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Talking to the Dead: A Novel by Harry…

Talking to the Dead: A Novel (edition 2012)

by Harry Bingham

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2131854,782 (3.76)18
Title:Talking to the Dead: A Novel
Authors:Harry Bingham
Info:Delacorte Press (2012), Hardcover, 352 pages
Collections:Your library
Tags:fiction, mystery, Wales, detectives, murder, prostitution

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Talking to the Dead by Harry Bingham



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Detective Fiona Griffiths has trauma in her past and inner demons she battles with on a daily basis. Her social ineptness combined with her maverick nature provides much opportunity for her to get herself into sticky situations. This book is the story of Fiona's first murder case. She is drawn in by the murders of Janet, a part-time prostitute, and her six year old daughter April. Fiona is convinced that Janet and April were in hiding at the time they died, but what were they hiding from? It would be a more mundane case except a bank card bearing the name of a wealthy businessman is found with the body. Unfortunately, that man is also dead.

We know from the very beginning that there is something rather odd about Fiona Griffiths. More than anything she wants to be accepted in "Planet Normal". Obviously there is a gimmick to this book. Fiona has something psychologically off kilter, and we don't learn what it is for quite a while. I thought the author did a great job building up the tension until it's revealed.

The book is well written and Fiona is very interesting. I enjoyed spending some time in Wales too. I would definitely give the next book in the series a try. ( )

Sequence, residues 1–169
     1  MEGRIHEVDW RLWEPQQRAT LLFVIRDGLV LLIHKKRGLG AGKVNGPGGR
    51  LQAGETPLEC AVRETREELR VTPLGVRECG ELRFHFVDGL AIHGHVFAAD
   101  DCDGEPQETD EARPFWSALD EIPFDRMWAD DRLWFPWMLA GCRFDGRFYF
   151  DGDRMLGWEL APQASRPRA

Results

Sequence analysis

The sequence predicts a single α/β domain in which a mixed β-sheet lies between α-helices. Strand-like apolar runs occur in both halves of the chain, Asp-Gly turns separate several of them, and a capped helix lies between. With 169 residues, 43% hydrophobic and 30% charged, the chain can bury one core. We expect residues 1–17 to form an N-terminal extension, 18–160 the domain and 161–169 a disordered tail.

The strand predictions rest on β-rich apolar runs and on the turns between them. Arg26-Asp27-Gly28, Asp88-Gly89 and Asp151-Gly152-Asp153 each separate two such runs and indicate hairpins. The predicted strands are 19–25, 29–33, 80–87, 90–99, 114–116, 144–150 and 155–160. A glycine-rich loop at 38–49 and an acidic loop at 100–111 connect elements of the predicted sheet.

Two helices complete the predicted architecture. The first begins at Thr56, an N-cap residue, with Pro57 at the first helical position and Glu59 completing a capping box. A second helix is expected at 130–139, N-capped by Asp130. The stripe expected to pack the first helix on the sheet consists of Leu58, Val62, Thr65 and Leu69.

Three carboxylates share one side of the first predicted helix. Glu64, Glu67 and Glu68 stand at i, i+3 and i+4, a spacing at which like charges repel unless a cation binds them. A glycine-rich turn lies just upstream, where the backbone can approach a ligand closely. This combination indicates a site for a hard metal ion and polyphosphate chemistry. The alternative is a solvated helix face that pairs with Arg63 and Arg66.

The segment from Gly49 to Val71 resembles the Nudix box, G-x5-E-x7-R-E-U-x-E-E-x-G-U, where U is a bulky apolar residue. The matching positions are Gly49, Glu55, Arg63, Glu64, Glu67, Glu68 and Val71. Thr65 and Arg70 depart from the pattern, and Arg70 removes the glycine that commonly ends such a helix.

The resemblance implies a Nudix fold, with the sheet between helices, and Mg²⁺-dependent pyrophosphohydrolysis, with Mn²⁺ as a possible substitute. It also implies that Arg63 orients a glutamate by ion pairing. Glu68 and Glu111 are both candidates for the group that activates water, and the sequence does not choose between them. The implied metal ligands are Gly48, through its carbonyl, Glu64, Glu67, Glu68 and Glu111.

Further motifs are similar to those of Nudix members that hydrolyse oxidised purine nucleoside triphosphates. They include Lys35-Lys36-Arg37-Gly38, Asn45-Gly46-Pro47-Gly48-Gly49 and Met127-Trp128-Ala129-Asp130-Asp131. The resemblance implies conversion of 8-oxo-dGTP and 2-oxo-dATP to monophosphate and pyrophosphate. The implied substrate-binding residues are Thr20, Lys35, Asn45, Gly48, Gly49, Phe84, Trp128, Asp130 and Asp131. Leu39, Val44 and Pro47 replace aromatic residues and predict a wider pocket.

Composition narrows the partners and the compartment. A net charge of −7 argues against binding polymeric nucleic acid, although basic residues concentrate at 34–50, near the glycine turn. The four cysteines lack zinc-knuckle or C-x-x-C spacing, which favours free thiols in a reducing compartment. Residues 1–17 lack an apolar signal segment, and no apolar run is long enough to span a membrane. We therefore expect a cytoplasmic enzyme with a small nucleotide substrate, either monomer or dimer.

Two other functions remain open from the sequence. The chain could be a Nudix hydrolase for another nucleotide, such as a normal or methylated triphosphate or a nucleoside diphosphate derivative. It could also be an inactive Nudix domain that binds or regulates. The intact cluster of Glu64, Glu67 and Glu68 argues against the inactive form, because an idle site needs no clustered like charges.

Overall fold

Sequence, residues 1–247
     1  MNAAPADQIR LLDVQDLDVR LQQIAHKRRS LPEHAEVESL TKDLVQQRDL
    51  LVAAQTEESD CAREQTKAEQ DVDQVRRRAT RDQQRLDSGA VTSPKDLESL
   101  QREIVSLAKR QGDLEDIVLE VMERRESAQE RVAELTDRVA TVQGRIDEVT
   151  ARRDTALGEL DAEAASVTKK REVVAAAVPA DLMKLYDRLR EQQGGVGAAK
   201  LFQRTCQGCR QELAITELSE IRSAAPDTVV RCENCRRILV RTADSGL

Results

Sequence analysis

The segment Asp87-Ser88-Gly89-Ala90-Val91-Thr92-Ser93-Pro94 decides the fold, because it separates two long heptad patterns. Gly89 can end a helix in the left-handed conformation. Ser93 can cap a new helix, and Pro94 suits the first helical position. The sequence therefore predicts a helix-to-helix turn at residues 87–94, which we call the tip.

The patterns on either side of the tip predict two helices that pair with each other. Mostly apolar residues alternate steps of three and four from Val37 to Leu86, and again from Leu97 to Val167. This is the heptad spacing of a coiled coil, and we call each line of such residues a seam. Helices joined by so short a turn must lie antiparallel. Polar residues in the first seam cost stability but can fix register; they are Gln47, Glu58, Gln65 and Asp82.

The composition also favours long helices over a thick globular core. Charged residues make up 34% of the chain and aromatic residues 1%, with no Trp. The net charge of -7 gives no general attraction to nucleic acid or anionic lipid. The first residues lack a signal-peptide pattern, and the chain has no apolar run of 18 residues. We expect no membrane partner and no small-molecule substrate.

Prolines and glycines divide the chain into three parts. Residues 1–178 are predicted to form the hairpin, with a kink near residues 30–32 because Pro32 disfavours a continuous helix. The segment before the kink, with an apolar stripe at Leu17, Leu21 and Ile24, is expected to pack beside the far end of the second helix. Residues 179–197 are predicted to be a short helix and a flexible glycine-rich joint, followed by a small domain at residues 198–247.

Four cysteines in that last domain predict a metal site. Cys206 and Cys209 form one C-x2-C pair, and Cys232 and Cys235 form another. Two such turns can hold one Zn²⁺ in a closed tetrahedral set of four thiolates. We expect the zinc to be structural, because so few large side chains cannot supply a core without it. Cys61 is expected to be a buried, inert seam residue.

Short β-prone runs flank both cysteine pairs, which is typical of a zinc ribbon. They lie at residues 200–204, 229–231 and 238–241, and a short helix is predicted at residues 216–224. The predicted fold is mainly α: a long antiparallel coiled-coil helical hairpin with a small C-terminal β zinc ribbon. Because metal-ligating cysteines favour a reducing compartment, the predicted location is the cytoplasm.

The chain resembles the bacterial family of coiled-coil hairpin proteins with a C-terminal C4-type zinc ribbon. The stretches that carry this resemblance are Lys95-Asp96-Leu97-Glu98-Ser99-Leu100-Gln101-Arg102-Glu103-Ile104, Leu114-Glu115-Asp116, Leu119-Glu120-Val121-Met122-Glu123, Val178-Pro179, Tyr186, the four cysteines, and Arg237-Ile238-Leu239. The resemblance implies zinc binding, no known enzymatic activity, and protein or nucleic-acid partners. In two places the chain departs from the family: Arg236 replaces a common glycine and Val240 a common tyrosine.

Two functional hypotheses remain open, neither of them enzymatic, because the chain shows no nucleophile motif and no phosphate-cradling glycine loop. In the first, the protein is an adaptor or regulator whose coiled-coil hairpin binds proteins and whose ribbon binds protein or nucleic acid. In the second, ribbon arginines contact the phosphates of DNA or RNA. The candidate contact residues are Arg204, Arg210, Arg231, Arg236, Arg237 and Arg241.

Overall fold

Olivermagnus | Jan 17, 2016 |
I wasn't sure at first if I could relate to the strange character of Fiona Griffiths or care about solving the mystery of the murders. However, I stuck with it and soon began to care very much as I got to know Fiona and it became evident how much she cared and acted to make a difference in the lives of women on the fringes of society and trapped in a life they didn't necessarily choose. It was interesting to learn about the very strange Cotard's syndrome, and I'm very much looking forward to the next book in the series. ( )
  Scrabblenut | Jun 2, 2015 |
3 1/2 stars because it made me laugh, not sure if it came across as witty because i was listening to it (would it have struck me the same way if I was reading the words?) but it did make me chuckle more than a few times. Loved hearing the Welsh names pronounced as well, goodness knows I can't pronounce them when I see them in print. ( )
  Mooose | May 16, 2015 |
We know from the very beginning that there is something rather odd about Fiona Griffiths. More than anything she wants to be accepted in "Planet Normal". Part of our job as a reader is to unravel why that is not happening. Fiona gets a better understanding of herself when she is told by a friend that she has post traumatic stress disorder, but she can't work out what has triggered this.

We know that Fiona lost about two years of her life at the end of her schooling. Eventually we learn that Fiona was diagnosed at that time with a particular disorder. Is it Asberger's or something else?

But all this is not to say that Fiona Griffiths is not a valuable detective: as those who are in charge of her know, she needs careful management, but she has insights that no-one else seems capable of. And she tends not to do things by the book, to think outside the square, to act without thinking too much about the danger to herself.